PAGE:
In retrospect, albums like Delhi-6 seem to have inaugurated a mellow phase in A.R. Rahman’s career. The last few years have given us a number of albums (Kadal and Raanjhana the most recent of these) to confirm the impression that the master has, where the subject gives him rein, shifted gears: the qawwalis have become more reflective (contrast “Arziyan” (Delhi-6) with “Noor-un-Alaa” (Meenaxi) from a few years earlier); the love songs increasingly suffused with a murmuring longing (“Moongil Thottam” (Kadal)), and even a jazz bent (“Aaromale” (Vinaithaandi Varuvaaya)); the sounds a bit less ornate, but just as rich. Maryan is in this vein. It is leaner than Raanjhana (Rahman’s most recent Hindi composition), and if two of the lighter tracks are far more trivial than anything in the latter, at its best (which is to say in its four slower songs) Maryan is more reflective, almost unsettlingly so: you really miss it when the music stops playing. This is, quite simply, Rahman’s best Tamil album in years for any director not named Mani Rathnam.
Rahman’s solo, Nenjae Yezhu, leads off the CD, a few delicate strains reminiscent of water and journeys giving way to soaring vocals that, in their sense of wonder and consciousness of a new landscape beheld, preserve a link with the very early Rahman composition “Ye Haseen Wadian” (Roja). Over two decades and dozens of albums have barely dimmed the composer’s freshness: while the listener is aware of too much history to lend his encounter with the later work the same aura of discovery that forever tinges Roja, Nenjae Yezhu shows that Rahman remains willing to start again. The traveler is now older for sure, but his ardor for the journey is as bright as ever.
The same sort of bucolic strains that begin “Ae Hairath-e-Aashiqui” (Guru) lead to Vijay Prakash’s vocals in Innum Konjam Naeram; Shweta Mohan joins a bit later, and the result is a melodious, if conventional, love duet, but one that is immensely satisfying – a reminder, if any were needed, that Rahman comes at the end of a long tradition. In the final analysis, to take this most hackneyed of film music genres and keep making music that sounds soulful, not jaded, might be one of the composer’s greatest achievements.
Naetru Aval Irundhal is apt as the next track: it takes “Innum Konjam Naeram” a step further, and begins with the low notes and erotic intimacy of Vijay Prakash and Chinmayi (the simple contrast between the two voices – Prakash’s resonant bass in the words “Naetru Aval Irundhal”, reminiscent of Hariharan; followed by Chinmayi’s higher pitched, “thinner” voice, as she playfully croons “He…mariyaan” – is instantly compelling), before taking slow flight into less joyous climes. Love isn’t just balm for the soul here, it is also suffused with melancholy, as that which will be lost.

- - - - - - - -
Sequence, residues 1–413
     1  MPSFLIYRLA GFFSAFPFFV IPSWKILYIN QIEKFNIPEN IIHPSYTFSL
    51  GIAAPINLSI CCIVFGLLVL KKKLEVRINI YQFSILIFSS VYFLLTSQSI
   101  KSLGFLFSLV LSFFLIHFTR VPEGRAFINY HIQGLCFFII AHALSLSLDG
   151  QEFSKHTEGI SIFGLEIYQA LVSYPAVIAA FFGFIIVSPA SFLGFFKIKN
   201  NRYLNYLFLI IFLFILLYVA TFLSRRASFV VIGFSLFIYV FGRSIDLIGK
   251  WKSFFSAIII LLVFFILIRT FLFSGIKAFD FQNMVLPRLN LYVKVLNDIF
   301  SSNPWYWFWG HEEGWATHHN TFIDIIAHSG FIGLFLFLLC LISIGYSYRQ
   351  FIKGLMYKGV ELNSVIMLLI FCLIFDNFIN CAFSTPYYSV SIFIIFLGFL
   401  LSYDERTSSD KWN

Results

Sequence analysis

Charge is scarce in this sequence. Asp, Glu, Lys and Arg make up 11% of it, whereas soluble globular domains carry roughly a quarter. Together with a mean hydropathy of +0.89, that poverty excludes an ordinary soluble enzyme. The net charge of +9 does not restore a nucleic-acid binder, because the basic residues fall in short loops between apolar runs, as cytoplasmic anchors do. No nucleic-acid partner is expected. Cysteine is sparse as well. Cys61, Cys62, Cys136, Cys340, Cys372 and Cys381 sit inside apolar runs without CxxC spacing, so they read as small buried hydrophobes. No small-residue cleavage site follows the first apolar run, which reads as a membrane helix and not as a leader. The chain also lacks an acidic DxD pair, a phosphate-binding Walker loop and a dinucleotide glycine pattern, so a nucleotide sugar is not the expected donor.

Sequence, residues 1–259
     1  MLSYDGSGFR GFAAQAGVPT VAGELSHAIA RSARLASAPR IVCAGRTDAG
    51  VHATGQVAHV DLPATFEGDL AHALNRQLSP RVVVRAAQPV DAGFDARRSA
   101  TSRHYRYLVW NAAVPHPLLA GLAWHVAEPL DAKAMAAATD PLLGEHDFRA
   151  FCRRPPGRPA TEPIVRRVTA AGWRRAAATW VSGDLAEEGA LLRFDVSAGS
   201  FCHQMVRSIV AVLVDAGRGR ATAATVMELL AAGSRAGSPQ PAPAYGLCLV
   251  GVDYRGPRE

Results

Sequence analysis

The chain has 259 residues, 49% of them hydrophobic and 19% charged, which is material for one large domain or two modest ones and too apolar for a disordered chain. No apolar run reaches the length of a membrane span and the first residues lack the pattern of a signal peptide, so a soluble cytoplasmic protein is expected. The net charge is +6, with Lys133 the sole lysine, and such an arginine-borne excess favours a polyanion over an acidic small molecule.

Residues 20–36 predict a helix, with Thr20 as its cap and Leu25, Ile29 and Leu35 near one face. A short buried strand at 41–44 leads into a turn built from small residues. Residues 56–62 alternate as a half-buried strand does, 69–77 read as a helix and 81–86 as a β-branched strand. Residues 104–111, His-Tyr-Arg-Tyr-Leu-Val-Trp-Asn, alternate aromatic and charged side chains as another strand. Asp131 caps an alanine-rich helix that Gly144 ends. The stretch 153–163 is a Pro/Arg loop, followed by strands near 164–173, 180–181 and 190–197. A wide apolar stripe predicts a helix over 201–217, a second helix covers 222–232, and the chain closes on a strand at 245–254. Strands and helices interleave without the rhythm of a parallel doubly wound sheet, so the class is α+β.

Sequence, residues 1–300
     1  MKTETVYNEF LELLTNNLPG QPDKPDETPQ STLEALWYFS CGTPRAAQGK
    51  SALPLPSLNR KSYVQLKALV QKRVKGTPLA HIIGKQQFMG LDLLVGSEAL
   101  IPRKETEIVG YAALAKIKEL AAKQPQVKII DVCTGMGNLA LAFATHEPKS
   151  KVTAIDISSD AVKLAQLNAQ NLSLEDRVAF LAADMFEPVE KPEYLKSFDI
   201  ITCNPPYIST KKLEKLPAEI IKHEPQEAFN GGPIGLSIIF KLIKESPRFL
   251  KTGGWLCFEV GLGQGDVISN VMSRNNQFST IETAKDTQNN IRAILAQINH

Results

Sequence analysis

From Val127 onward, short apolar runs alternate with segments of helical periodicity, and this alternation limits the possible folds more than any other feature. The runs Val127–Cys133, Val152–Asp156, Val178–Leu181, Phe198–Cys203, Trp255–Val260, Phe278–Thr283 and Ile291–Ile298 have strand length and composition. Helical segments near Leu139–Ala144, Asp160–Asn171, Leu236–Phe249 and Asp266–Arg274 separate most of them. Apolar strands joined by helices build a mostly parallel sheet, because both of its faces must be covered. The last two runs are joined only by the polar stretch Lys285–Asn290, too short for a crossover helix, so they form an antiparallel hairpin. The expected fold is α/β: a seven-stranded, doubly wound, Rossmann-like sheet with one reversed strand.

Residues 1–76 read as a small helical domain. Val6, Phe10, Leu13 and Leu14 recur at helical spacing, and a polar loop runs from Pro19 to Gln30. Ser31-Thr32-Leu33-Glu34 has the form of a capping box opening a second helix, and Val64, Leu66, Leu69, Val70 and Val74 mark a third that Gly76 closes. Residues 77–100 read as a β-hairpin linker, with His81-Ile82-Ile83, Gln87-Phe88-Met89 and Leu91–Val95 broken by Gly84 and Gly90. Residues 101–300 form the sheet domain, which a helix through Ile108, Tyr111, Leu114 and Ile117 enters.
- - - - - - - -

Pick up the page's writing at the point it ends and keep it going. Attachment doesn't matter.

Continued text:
My favorite from this album, and a song of heartbreaking loveliness, Yenga Pona Raasa is intensely romantic, taking you to a place that is familiar, sad and filled with meaning. A song of love and loss, but not, perhaps, of loneliness (merely solitude), it brings “Kannathil Muthamittal” (Kannathil Muthamittal) to mind, although the later song sketches the contours of a soundscape that is nowhere near as lush, but marked by a trace: the afterglow of a lover’s absence. Shaktishree Gopalan soared with the outstanding “Nenjukkulle” (Kadal) a few months ago, and is unforgettable in this far more introverted track – her pairing with Rahman looks set to give us magic for years to come.
Sonapareeya is charming without quite being memorable, the requisite “catchy number” rendered somewhat interesting by the retro – and vaguely Hindi film-sounding -- “Sonapareeya” refrain that should jar, but doesn’t. That seamlessness is testament to Rahman’s skill, but the song is pretty modest and is a bit of filler between two outstanding tracks. I have long been critical of Rahman’s bland rap efforts, but Sofia Ashraf’s vocals here (as, of course, MIA’s outstanding ones in “O Saya” (Slumdog Millionaire)) suggest that perhaps Rahman’s problem is male rap artists. This album doesn’t do much to dispel that impression: I Love My Africa is unworthy of Rahman (although pretty much what I would expect from Blaaze), and sounds like something cobbled together for the 2010 football World Cup, with bits of heavy percussion, Brian Kabwe’s “Africa…Africa” refrain, and some generic mambo beats – in short, an advertiser’s idea of what an “African sound” might be like. I wish it were the last song in the album, and thus could more easily be skipped.
Kadal Raasa Naan is actually the last song on the CD, and the opening ten seconds seem to flow from Yenga Pona Raasa (refracted through a Middle Eastern prism), before resolving into a fast-paced, and very Tamil, number sustained by Yuvanshankar Raja’s soulful vocals, combined with occasional neo-shehnai strains. This song isn’t new, but it is pitched at an urgent level, and is stealthily addictive: I dismissed it as trivial for weeks before realizing that I couldn’t stop listening to the CD until I’d heard its last track.